Last week, a divided court of appeals upheld what may well be the most important environmental rule in the nation’s history: the Environmental Protection Agency’s mercury standards. The regulation is expected to prevent up to 11,000 premature deaths, 4,700 heart attacks and 130,000 asthma attacks a year.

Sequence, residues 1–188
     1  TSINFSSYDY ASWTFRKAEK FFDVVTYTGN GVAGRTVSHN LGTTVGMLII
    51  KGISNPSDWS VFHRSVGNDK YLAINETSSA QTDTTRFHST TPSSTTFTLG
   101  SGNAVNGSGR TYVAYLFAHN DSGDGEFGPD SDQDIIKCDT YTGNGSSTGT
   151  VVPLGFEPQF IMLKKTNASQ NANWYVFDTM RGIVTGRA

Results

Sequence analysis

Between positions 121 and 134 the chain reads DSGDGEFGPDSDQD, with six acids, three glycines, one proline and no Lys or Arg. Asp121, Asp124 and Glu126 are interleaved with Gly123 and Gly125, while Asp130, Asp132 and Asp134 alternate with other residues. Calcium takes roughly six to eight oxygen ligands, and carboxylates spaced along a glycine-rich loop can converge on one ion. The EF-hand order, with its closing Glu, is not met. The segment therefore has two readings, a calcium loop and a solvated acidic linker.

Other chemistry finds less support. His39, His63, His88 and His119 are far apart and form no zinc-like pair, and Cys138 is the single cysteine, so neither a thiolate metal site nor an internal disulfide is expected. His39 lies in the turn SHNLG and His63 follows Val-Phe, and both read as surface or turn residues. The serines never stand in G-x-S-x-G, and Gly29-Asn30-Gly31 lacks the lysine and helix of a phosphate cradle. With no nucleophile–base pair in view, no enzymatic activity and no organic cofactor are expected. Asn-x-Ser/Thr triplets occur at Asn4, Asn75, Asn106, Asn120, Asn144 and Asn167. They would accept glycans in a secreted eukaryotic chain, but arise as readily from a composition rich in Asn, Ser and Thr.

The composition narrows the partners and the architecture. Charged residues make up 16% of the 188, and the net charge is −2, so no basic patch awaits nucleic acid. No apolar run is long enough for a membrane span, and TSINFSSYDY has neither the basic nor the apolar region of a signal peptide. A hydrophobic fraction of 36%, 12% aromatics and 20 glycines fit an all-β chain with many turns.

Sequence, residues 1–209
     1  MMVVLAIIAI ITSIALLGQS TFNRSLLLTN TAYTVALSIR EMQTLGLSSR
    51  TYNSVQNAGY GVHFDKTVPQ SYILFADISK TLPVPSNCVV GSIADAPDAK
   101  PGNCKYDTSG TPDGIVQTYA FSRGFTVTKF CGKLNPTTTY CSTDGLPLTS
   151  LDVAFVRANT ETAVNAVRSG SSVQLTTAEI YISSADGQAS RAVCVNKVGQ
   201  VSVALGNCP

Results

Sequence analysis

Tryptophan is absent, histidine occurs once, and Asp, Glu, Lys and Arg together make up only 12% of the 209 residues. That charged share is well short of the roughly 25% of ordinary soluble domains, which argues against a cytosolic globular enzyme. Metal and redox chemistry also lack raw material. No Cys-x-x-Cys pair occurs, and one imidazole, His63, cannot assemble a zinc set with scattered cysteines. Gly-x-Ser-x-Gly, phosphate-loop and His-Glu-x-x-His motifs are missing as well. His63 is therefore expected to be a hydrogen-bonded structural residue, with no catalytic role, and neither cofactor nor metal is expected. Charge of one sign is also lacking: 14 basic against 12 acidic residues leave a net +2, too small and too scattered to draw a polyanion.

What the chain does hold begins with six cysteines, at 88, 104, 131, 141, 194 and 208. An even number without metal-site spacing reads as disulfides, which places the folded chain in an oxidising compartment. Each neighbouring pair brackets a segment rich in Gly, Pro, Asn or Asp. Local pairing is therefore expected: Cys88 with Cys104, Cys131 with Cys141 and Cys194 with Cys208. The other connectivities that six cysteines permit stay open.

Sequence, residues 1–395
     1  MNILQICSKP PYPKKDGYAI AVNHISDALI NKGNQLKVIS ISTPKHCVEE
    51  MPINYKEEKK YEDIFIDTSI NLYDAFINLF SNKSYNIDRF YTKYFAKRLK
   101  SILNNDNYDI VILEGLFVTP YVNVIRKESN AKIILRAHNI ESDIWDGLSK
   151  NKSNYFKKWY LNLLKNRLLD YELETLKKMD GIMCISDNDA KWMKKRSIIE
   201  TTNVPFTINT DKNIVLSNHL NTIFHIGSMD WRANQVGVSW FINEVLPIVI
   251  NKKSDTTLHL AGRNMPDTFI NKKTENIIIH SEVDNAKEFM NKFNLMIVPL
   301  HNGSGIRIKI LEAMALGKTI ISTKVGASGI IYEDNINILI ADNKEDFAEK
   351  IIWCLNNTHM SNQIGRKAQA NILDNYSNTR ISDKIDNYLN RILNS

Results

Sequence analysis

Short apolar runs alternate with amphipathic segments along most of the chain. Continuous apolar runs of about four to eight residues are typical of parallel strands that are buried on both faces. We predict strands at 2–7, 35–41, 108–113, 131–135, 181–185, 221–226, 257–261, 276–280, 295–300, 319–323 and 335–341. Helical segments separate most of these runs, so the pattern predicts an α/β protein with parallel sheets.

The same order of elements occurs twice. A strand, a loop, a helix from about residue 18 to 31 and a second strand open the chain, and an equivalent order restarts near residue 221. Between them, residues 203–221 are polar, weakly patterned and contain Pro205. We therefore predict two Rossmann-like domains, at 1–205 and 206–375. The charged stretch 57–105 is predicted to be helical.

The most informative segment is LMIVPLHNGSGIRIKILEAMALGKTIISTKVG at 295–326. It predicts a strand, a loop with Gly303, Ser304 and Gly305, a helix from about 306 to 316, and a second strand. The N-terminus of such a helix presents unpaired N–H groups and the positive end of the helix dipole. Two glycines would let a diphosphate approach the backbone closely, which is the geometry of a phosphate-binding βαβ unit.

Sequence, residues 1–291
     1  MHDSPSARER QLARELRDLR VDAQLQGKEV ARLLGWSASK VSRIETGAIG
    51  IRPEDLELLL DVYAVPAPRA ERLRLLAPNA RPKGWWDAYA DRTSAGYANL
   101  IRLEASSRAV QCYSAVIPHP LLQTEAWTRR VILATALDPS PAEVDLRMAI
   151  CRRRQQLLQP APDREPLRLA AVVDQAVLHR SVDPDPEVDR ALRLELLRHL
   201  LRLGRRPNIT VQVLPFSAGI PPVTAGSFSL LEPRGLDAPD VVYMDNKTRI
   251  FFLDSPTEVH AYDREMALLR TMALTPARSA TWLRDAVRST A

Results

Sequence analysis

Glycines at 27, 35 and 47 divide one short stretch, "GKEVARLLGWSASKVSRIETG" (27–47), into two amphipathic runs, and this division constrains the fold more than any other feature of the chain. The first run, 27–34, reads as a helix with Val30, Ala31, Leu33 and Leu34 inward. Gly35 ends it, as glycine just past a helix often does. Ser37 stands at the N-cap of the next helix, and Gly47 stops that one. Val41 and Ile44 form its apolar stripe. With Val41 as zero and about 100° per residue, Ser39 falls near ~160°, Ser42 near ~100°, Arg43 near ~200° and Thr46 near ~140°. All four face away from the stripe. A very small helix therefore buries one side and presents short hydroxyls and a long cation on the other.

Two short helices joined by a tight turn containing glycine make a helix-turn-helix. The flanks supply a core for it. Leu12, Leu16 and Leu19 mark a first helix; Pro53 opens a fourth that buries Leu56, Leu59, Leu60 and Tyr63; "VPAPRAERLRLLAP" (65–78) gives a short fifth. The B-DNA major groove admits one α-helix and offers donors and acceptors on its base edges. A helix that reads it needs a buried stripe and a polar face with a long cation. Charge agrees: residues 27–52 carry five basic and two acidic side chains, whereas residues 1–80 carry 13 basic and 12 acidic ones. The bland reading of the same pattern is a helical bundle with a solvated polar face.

Critics of the mercury rule have focused on its expense. The EPA estimates it will cost $9.6 billion a year, with most of the burden falling on electric utilities. Indeed, the issue of cost is what split the court.